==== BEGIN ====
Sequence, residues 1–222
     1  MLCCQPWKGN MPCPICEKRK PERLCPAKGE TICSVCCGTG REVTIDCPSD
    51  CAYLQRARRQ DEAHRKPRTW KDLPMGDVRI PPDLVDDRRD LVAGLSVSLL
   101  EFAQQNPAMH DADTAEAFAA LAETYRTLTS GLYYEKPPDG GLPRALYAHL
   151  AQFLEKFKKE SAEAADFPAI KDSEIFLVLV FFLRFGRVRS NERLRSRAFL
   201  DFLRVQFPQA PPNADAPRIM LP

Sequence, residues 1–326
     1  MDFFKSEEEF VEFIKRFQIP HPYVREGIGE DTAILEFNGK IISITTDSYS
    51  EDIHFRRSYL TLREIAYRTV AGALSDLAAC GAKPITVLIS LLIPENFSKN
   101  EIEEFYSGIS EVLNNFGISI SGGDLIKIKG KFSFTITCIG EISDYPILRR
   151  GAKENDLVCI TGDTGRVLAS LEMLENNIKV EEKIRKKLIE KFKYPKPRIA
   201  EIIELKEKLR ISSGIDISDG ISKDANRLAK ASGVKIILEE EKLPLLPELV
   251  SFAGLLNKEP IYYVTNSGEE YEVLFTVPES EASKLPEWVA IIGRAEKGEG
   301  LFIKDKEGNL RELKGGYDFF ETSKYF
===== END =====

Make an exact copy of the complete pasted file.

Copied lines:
Sequence, residues 1–222
     1  MLCCQPWKGN MPCPICEKRK PERLCPAKGE TICSVCCGTG REVTIDCPSD
    51  CAYLQRARRQ DEAHRKPRTW KDLPMGDVRI PPDLVDDRRD LVAGLSVSLL
   101  EFAQQNPAMH DADTAEAFAA LAETYRTLTS GLYYEKPPDG GLPRALYAHL
   151  AQFLEKFKKE SAEAADFPAI KDSEIFLVLV FFLRFGRVRS NERLRSRAFL
   201  DFLRVQFPQA PPNADAPRIM LP

Sequence, residues 1–326
     1  MDFFKSEEEF VEFIKRFQIP HPYVREGIGE DTAILEFNGK IISITTDSYS
    51  EDIHFRRSYL TLREIAYRTV AGALSDLAAC GAKPITVLIS LLIPENFSKN
   101  EIEEFYSGIS EVLNNFGISI SGGDLIKIKG KFSFTITCIG EISDYPILRR
   151  GAKENDLVCI TGDTGRVLAS LEMLENNIKV EEKIRKKLIE KFKYPKPRIA
   201  EIIELKEKLR ISSGIDISDG ISKDANRLAK ASGVKIILEE EKLPLLPELV
   251  SFAGLLNKEP IYYVTNSGEE YEVLFTVPES EASKLPEWVA IIGRAEKGEG
   301  LFIKDKEGNL RELKGGYDFF ETSKYF